How to Insert a Sclera Lens

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Putting sclera lenses into your eyes requires more stretching than regular contacts.
Putting sclera lenses into your eyes requires more stretching than regular contacts. (Image: Ryan McVay/Digital Vision/Getty Images)

At the movies when the alien or undead creatures glare out from the screen at you with solid black, white or unusually colored and striped eyes, the actors are actually wearing sclera lenses. A specialty contact lens, sclera lenses cover not just the iris and pupil, but most of the white of the eye as well. In the United States, you need to visit an optometrist to be fitted for scleral lenses and they must be obtained through a specialty optometrist office.

Things You'll Need

  • Soap and water
  • Contact solution
  • Sclera lens

Wash your hands thoroughly with soap and water. Proper hygiene is important when inserting any type of contact lens into your eye.

Rinse the sclera lens with contact lens solution to moisten the surface and remove any debris (hair, eyelashes, etc.) that may be on your hand or the lens surface itself.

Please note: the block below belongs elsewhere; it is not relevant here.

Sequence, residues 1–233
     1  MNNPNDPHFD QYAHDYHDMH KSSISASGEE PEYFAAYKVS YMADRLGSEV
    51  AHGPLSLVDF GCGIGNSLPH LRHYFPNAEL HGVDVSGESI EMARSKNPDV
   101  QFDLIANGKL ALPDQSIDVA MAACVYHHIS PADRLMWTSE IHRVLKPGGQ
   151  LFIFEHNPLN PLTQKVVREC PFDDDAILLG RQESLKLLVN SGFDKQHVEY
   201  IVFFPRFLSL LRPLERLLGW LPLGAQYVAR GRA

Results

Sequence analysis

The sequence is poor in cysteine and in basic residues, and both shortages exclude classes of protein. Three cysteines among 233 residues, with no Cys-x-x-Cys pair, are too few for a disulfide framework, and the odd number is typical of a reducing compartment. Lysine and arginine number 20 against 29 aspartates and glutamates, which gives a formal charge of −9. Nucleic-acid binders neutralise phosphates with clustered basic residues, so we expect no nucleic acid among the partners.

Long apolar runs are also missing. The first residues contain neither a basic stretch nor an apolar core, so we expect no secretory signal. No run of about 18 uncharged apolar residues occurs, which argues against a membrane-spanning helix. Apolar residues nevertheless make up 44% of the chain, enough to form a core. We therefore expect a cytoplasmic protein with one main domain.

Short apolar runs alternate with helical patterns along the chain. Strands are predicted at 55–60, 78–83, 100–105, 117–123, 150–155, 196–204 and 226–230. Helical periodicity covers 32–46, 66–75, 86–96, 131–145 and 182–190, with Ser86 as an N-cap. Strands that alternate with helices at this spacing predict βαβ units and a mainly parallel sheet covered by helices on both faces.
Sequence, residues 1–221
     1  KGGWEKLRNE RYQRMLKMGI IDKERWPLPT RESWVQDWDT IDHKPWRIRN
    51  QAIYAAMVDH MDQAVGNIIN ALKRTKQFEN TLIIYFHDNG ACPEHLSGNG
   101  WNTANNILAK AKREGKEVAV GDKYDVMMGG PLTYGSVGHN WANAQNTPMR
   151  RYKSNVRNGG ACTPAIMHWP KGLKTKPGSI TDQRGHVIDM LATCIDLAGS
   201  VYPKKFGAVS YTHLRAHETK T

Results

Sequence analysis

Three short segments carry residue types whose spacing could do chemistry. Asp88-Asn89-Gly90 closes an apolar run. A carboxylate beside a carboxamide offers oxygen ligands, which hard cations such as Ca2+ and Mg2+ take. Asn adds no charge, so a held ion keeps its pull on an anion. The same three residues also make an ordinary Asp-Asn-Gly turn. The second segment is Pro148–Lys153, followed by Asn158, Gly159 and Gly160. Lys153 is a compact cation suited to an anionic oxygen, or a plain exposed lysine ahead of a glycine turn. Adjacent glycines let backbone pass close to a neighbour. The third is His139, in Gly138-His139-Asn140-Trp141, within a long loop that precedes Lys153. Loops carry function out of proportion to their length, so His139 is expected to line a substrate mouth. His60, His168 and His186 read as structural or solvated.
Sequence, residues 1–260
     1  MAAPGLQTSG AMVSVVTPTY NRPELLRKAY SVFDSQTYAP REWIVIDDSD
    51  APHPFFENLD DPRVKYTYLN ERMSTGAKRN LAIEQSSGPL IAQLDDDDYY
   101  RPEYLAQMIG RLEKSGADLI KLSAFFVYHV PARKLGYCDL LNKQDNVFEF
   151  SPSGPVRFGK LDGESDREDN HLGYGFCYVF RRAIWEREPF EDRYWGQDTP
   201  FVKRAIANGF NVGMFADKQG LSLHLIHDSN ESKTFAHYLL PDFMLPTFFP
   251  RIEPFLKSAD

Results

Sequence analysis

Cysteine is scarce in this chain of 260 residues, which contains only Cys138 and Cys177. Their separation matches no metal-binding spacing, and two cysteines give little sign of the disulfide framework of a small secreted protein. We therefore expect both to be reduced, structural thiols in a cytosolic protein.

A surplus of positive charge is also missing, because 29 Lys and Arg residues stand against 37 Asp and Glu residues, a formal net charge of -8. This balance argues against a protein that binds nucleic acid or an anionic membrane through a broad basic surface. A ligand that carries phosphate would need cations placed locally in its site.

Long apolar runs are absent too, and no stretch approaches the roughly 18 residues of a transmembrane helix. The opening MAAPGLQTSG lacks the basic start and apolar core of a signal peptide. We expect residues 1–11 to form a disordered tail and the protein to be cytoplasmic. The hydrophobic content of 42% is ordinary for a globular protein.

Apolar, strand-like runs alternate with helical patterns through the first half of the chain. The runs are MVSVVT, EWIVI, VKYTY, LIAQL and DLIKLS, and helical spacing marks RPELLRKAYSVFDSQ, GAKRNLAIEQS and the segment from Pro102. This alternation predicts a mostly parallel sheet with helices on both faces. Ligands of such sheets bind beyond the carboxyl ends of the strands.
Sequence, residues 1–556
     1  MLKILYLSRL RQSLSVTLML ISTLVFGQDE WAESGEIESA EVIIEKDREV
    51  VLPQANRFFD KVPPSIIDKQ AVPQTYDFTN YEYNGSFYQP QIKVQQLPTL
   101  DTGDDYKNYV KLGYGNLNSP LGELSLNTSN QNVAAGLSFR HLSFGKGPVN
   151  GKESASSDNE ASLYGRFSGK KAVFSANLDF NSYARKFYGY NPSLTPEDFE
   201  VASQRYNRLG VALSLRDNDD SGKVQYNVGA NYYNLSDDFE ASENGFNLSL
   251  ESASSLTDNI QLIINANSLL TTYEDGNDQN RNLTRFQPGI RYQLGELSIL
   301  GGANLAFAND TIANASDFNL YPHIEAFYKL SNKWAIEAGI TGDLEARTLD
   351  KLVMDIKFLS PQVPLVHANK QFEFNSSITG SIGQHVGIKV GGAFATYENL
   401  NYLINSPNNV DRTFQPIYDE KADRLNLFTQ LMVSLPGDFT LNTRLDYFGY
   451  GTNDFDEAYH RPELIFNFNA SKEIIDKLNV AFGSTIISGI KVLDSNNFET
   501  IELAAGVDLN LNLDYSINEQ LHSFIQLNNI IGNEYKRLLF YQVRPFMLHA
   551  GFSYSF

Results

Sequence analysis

Pull your upper eyelid up with the fingers of the hand not holding the sclera lens while looking down.

Rest the upper edge of the sclera lens on the sclera (the white) of your eye that is exposed under your upper lid and push it up until you can fit the bottom edge under your lower lid. Once you have the edges of the lens under your lids, you can slide it gently into place with your finger.

Tips & Warnings

  • Sclera lenses are typically soft lenses, so removal is simply the reverse of the process of insertion with an added pinch in the middle to grasp the lens.
  • Don't wear sclera lenses longer than four hours at a time to prevent potential infections.

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